Caleb and Tricia are some of our favorite humans, so when Tricia asked if we'd be able to come to Tulum to celebrate Caleb's 50th birthday with a few friends, we said HECK YES. Okay, actually, when she asked, we were in her house in Oakland, and the idea that we would actually sail to Mexico was still theoretical, and the idea that we would then find a place to leave Rejoice and figure out how to get across Mexico was kind mind-blowing. But we adore these humans and treasure our time with them, so we figured it out! We tied up 'joice at the lovely Marina de La Paz and bought airline tickets to fly from La Paz to Cancun, where we met up with our friends and a shuttle picked us up and took us to Tulum.
We have been sailing along the coast of Baja California Sur, which is a desert region with the Pacific Ocean on one side and the Gulf of California (often called the Sea of Cortez in the United States) on the other. Tulum is in Quintana Roo, on the Gulf of Mexico, and it's a tropical jungle region. It was so shocking to go from the desert to the jungle!
Casa Xixim was built by our friends Jenny and Dave. It's absolutely breathtaking! But you don't have to take my word for it, you can check it out in Dwell magazine. We arrived just at dark, had a lovely first night catching up, and then woke up and tumbled out the back of the house to our own little slice of beach on Soliman Bay.
We swam, lazed, ate amazing food, played games, and went into town and wandered about. We had a mezcal tasting, James and I learned to use stand-up paddleboards, we paddled out to the coral reef in the bay, and we were definitely not the drunk people skinny-dipping in the ocean at night. Best of all, though, was the day of touring. It was one of the best days of my life.
We had a private guide, a charming and incredibly knowledgeable fellow named Pepe Cuevas. Pepe picked us up in a van at 11 and whisked us off to a cenote, which is a beautiful freshwater pool that forms through the erosion of limestone bedrock. They tend to have very clear water. When we arrived, Kristen jumped right off the stone edge into the water. It was perhaps a 12-15 foot drop. I wanted to jump, but I was nervous. Other folks from our group used the stairs, and at first I did, too. I'm not a strong swimmer, and I was pretty nervous. I held onto the stone wall most of the time. Eventually, though, I walked myself up to the stone edge and jumped.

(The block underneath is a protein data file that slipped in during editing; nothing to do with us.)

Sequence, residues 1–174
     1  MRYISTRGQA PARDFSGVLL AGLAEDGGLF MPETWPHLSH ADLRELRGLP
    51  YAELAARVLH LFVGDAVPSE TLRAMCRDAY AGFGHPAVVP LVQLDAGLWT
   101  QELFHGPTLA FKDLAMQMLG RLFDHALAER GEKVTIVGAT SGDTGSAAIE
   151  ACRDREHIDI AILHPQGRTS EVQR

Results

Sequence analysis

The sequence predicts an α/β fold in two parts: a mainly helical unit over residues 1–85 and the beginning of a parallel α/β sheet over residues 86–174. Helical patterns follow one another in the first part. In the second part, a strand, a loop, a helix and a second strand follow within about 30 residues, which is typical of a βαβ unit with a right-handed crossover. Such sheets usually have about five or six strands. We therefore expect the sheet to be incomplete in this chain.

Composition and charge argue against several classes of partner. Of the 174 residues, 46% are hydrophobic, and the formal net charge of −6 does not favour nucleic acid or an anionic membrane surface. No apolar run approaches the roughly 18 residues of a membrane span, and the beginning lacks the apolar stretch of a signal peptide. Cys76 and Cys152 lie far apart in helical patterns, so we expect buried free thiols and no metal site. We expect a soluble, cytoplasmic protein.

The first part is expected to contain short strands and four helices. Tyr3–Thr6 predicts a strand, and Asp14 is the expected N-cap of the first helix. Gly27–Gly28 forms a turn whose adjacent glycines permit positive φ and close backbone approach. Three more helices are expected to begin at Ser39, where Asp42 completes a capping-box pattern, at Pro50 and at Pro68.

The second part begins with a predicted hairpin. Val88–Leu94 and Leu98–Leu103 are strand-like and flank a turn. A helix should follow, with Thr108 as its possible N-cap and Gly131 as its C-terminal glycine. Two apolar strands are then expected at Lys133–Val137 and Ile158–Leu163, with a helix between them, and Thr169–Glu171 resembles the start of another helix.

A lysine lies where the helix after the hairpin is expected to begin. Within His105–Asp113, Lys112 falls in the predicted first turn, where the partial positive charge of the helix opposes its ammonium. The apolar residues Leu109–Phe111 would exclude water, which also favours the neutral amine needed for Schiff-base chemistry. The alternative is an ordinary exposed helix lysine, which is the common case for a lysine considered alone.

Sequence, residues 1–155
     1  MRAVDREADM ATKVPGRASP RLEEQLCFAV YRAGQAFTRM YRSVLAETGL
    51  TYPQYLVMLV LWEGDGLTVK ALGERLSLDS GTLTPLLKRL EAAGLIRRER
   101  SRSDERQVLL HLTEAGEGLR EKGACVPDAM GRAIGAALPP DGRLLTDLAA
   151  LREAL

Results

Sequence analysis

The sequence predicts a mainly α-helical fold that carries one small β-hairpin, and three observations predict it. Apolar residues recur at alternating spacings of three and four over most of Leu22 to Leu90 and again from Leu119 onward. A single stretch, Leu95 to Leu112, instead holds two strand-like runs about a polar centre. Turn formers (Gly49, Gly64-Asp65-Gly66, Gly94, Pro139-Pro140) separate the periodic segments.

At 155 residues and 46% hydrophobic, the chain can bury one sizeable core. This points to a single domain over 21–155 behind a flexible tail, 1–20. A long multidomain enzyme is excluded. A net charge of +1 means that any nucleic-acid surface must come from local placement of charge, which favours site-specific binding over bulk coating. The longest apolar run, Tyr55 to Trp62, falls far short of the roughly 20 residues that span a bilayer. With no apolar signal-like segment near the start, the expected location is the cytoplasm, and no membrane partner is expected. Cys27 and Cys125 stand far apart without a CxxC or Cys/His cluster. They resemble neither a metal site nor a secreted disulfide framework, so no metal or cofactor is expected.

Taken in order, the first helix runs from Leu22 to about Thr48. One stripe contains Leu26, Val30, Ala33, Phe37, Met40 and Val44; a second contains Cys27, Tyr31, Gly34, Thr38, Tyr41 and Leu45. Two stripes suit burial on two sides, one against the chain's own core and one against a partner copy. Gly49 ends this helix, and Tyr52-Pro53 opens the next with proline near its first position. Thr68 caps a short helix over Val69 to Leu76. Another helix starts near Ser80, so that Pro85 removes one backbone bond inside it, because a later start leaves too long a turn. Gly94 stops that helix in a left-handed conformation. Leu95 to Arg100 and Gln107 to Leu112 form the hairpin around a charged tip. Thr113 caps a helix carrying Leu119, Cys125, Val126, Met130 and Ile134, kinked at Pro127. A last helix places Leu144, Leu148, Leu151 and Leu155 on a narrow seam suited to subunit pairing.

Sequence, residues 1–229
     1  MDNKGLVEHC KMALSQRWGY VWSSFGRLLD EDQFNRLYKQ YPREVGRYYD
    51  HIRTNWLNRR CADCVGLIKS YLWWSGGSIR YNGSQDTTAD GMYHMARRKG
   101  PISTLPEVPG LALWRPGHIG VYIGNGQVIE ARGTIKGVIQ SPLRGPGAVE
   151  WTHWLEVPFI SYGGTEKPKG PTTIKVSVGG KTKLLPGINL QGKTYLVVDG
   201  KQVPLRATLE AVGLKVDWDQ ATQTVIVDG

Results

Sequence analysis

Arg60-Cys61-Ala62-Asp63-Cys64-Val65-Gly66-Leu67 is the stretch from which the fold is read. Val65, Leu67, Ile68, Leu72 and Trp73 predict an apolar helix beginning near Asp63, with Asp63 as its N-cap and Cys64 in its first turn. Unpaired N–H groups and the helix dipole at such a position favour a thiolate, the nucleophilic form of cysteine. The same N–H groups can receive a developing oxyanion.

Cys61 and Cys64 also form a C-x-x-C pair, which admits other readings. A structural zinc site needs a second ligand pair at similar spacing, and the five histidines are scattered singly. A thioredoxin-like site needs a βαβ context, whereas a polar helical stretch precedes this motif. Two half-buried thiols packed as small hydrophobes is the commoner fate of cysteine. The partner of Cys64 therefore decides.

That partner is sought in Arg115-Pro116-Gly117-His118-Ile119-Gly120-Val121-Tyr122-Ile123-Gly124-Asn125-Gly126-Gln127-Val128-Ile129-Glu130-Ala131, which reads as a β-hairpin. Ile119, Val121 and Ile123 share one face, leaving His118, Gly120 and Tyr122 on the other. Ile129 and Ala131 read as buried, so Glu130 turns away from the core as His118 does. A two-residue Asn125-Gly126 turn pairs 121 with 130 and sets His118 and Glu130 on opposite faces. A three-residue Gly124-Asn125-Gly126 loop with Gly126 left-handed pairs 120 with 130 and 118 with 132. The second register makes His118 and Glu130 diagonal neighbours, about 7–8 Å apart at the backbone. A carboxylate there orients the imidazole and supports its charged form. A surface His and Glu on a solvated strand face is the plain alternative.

I plunged deep and came up shrieking; in my fear of landing I instinctively pulled my legs up, which led the back of my right thigh to strike the water flat so hard that it bruised!
I learned my lesson and took a second jump that went better. It was so exhilarating! I realized suddenly how much I am fascinated by what I fear; this is what led to the decision to swim with whale sharks for my 49th birthday a couple weeks later.
Next we went to Sian Ka'an, where we explored Mayan ruins, including the Temple of the Birds, on the right below.
And then hiked through the gorgeous jungle, teeming with life.
There was a tower that you could climb above the canopy of the trees to look out over the jungle and toward the lagoon we were hiking to.
We hiked out through the jungle to that gorgeous lagoon you can see from the tower. We hopped into pangas (small, simple fiberglass boats; these had big outboard motors) and zoomed across an open lagoon and through a canal cut through the marsh. Then we stopped, hopped out, and were told to take off our life jackets and put them on upside down, like a diaper, to get into the canal. Wearing your life jacket like a diaper makes your body float like you are in a reclining armchair and the current of the ancient canals the Mayans used for trade just floats you along. For 90 glorious minutes, we bobbed along together. We marveled at the plants and animals and Pepe taught us lots about them. We laughed, formed trains, and Zoli, who is, among many things, a gondolier on Lake Merrit, serenaded us. I was too happy and wet for managing a camera, but other folks have done so!
At the end of the ride, our pangas picked us up again and we continued on to another lagoon where we "saw" manatees. Really, we could just see their snouts, but it was still pretty neat!
Pepe has a great love of birds, and birding tours are popular in this area. We saw many different birds. My favorite was this enormous nest of an osprey, complete with baby osprey. For scale, that is an entire downed tree; pretty sure the nest could have held me easily.
This circle is where fresh water is welling up into the salty lagoon from the underground cave system that connects the cenotes. The caves are the result of cracks spreading out from the meteor strike at the Chixclub crater that killed the dinosaurs . WHAT?!
We saw two crocodiles! Here's one:
We drove all the way out to the sea and romped a little on the beach.
And then we zoomed all the way back: across the lagoon, through the canal we'd bobbed along, through the second lagoon, as the sun was setting. Oh. OH!
Then we piled back into our van and Pepe took us to a delicious, casual ceviche place where we ate outdoors in the warm night air and it was totally fine that we were salty and had swimsuits on under our clothes.
If you'd like to spend a day with Pepe, you can reach him at firstname.lastname@example.org or find him on Facebook. He hopes to have his website up later this year! I can't recommend the experience warmly enough. This is not a sponsored post; we paid full price for our tour. I am simply raving out of love and gratitude.
Thank you, Pepe! Thank you Casa Xixim! Thank you Tricia, Caleb, Aimee, David, Kristen, and Zoli. James and I had the most magnificent time with you.